Approximately 2 million public sector employees may reportedly be on the verge of resigning due to low pay, warned their representatives, putting the UK's public services in jeopardy.
The Trades Union Congress (TUC) stated that while the contributions of millions of essential workers helped the UK through the worst stages of the Covid outbreak, those same employees now face yet another year of ‘pay misery’ at the whim of the government, even as the cost of living continues to rise.
The group cited YouGov research that revealed that one in three of the 1,400 public sector employees surveyed were either considering leaving their jobs or had already started down that road. According to the TUC's analysis, this might be equivalent to 1.8 million individuals nationally.
The government's proposal of below-inflation wage increases in the summer provoked a number of ballots for strikes by the education and health unions.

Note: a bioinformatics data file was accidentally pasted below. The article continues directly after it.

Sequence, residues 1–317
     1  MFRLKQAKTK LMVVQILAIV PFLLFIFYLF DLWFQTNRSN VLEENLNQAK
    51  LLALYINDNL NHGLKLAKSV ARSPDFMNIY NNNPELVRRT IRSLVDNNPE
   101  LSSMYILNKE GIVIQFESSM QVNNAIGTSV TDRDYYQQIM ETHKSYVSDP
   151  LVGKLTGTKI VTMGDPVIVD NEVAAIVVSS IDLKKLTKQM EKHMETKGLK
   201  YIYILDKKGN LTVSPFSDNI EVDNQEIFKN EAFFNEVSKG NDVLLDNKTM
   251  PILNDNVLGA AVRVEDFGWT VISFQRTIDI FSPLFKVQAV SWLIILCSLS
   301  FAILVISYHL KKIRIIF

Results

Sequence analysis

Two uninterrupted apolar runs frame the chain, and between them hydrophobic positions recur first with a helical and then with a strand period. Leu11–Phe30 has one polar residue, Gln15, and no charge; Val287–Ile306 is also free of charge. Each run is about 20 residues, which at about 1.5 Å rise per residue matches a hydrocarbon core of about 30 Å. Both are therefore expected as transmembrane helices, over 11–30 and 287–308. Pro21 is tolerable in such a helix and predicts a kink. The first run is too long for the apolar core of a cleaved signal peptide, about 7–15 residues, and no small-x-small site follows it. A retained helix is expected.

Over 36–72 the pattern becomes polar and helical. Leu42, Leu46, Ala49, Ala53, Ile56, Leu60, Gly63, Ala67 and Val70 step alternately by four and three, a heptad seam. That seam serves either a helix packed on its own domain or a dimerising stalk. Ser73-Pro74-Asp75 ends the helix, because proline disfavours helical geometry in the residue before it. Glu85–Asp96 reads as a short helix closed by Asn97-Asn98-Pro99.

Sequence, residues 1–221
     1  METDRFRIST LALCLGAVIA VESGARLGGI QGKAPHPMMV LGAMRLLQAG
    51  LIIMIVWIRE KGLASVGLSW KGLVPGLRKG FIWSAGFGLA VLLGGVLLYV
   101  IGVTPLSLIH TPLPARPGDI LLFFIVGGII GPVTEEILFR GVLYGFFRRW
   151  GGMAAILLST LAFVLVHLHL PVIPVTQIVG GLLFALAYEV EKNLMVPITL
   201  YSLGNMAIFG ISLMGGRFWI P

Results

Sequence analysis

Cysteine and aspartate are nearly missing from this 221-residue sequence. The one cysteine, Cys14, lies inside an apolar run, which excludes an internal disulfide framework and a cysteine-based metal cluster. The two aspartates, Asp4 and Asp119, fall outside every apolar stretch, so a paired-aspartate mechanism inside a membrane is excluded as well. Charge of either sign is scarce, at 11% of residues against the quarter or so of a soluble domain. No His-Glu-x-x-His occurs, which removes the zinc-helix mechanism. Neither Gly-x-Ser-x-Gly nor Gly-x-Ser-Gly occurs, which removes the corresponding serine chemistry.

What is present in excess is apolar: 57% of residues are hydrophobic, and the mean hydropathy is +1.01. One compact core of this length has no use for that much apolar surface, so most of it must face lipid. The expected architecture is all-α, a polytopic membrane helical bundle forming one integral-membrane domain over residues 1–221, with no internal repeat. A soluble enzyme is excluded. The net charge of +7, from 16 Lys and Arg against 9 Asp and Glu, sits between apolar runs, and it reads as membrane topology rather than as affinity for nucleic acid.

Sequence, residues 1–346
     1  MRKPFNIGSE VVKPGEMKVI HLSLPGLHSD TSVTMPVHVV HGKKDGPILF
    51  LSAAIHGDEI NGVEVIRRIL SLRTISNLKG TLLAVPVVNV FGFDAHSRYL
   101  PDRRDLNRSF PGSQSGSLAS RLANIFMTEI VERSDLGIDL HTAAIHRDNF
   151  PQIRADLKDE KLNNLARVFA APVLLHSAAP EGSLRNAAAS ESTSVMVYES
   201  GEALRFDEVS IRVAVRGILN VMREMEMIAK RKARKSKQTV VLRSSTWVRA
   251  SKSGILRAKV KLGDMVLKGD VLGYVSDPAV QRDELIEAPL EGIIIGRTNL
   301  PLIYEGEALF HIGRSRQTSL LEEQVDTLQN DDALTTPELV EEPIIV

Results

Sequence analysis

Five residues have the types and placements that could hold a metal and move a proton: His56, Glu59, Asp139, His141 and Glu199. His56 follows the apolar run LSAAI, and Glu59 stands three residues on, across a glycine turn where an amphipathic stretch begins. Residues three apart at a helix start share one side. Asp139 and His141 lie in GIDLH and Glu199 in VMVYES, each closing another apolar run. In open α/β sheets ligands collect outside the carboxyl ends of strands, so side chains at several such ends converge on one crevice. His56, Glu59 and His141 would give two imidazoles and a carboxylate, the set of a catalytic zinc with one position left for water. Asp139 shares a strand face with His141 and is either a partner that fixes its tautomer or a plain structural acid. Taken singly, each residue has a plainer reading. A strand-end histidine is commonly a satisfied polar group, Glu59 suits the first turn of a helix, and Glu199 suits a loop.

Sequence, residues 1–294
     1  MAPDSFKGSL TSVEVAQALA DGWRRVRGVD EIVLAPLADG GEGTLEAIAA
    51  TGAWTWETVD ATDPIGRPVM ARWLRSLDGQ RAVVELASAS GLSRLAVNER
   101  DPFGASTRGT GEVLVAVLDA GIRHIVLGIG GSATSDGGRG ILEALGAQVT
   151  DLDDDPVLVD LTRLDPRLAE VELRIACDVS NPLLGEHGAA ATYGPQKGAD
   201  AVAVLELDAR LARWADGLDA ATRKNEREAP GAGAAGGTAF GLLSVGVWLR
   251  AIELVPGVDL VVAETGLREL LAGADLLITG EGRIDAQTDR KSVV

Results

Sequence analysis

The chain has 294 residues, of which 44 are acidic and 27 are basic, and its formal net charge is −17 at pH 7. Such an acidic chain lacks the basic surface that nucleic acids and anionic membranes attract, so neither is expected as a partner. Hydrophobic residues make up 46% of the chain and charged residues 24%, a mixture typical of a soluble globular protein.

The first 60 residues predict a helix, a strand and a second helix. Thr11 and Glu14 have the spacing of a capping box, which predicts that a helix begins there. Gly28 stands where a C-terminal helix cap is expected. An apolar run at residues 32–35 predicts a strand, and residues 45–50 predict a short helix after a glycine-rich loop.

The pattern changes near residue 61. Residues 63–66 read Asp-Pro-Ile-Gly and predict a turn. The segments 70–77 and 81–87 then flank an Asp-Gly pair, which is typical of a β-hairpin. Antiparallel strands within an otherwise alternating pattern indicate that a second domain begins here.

The TUC claimed that this year's pay awards followed a brutal decade of pay reductions for important employees in the public sector. The grim image is set against a background of rising living expenses, which have been made worse by a disastrous economic trial by the Conservative Party led by Liz Truss, and declining real-term salaries in both the public and most of the private sectors.
On Saturday, hundreds of people demonstrated against the high cost of childcare, while Sadiq Khan, the mayor of London, urged for a rent freeze in the private industry as well as other immediate steps to address the issue of rough sleeping in London.
In the meantime, headteachers and charitable institutes have expressed concern over the quiet elimination of vacation food voucher programs for students receiving free school meals by councils throughout England.
Some outsourced employees at one of the most famous colleges in the UK are getting ready to go on strike in order to get a salary raise, painting a picture of the long-term fall in living conditions.